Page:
Summer House with a Swimming Pool | Herman Koch

Herman Koch is a master story teller, a man who dives straight into the psyche of his own created characters. I have a copy of THE DINNER at home to read but have seen the European version of the movie. It’s magnificent, so good Hollywood is (of course) re-making it in English (or would it be American?). SUMMER HOUSE WITH A SWIMMING POOL is his next book, one that Kernel Fiona awards a very rare perfect score. However be warned, this is written from European eccentricities and viewpoints that differ at times largely from our own. Critics either love it or hate it and I am glad we are in the LOVE camp because I love this man’s work and can’t wait to read this one myself (after the 100+ in my pile). SUMMER HOUSE WITH A SWIMMING POOL is out now from the fantastic peeps at Text Publishing, you can find the book in most bookstores or you can obtain it HERE. Enjoy Fi’s review…………..all the best……………..JK.


Occasionally a book comes along that knocks your socks off. Once in a while a story so captivates your imagination that you are loathe to finish it as if by doing so, you will be saying goodbye to an old friend. For me, that book is SUMMER HOUSE WITH SWIMMING POOL. A veritable masterpiece of modern manners, suspense, satire, social taboos and the bonds of parental love. Dutch writer Herman Koch had a best seller with THE DINNER published in 2009, which tells the story of two couples dining in a fashionable restaurant in Amsterdam. What starts out as a civilised meal in an upmarket part of town turns to sheer malice when it’s discovered that each of the couple’s 15 year old sons have committed a horrifying act. Don’t get me wrong, I really enjoyed THE DINNER but truly Koch has outdone himself with SUMMER HOUSE AND SWIMMING POOL.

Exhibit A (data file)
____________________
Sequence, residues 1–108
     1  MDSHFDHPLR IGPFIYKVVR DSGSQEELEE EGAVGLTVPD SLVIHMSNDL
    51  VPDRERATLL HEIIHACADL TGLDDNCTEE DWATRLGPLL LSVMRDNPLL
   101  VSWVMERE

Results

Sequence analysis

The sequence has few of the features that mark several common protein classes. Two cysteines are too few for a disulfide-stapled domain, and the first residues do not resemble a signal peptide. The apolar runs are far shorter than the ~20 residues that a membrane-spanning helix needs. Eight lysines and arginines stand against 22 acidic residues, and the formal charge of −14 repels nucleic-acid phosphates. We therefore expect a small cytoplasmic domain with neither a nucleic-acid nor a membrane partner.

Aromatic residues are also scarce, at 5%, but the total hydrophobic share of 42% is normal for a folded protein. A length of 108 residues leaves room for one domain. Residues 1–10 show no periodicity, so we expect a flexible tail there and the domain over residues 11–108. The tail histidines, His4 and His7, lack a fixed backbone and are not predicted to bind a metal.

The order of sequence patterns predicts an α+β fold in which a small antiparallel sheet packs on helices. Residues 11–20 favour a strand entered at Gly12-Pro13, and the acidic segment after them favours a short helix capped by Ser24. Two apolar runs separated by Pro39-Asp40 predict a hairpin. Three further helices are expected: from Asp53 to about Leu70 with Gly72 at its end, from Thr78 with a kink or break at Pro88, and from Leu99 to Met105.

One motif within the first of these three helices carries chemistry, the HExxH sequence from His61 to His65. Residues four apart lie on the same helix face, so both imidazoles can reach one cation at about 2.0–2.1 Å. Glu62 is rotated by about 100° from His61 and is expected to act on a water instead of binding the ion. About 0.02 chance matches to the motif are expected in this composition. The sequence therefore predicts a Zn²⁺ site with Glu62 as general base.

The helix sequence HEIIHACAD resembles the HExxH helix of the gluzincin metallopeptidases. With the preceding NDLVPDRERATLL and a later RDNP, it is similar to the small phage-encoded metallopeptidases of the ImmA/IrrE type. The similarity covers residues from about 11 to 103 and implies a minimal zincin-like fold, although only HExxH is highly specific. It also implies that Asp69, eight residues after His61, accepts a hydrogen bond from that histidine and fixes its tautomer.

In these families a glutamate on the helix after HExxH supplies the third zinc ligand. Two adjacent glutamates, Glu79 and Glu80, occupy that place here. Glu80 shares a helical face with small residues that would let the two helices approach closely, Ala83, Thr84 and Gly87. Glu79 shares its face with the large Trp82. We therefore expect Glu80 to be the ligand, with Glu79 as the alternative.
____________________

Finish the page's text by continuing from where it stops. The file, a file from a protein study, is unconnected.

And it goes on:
Unquestionably, Koch is a superb writer. His turns of phrase, his perfectively descriptive sentences are almost all charged with meaning and elucidation. More than this, however, is his consummate insightfulness when it comes to human nature and matters of the heart. The characters he has created in SUMMER HOUSE WITH SWIMMING POOL are not only multi-faceted and complex, they are startlingly realistic. By Chapter 4 I felt so well-acquainted with Marc Schlosser that I could almost convince myself we had met face to face.

The story is narrated by Dr Schlosser who prides himself on his virtual fan base of patients. While he isn’t in the slightest bit interested in their health or prognoses, he is so amazingly charming and schooled in effecting an air of empathy and concern, that they all leave his surgery feeling so much better than when they walked in. He’s like a  3D example of that saying “diplomacy – the ability to tell someone to go to hell in such a way they look forward to the trip.”


Summer House with Swimming Pool Author image


His opinions alone are often confronting and unsettling. He recalls a lecture about natural selection from his University days by his favourite Professor of Biology, Aaron Herzl who claimed that “ a homosexual is nothing more than a walking contraceptive.” He also  firmly agrees with the Professor’s premise that “a woman who is past her best-before date is no longer desirable to us, because there is no reason for her to be. She does nothing to promote the continuation of the species..” and “women are the football stars of creation.  At 35, they’re ready for retirement.”

Despite some of his personal values, Schlosser suddenly surprises the reader by rallying for his family when they surely need his help the most. On the one hand he eyes another man’s wife and thinks to himself; “I fought back the urge to grab her right then and there and toss her onto the sand without further ado. A half-rape, women always like that. All women.” Shortly after this episode he displays a touching ability to be vehemently protective of his teenage daughter. He is a man of many faces but Koch’s decision to allow us into the mind of his protagonist is a shrewd device.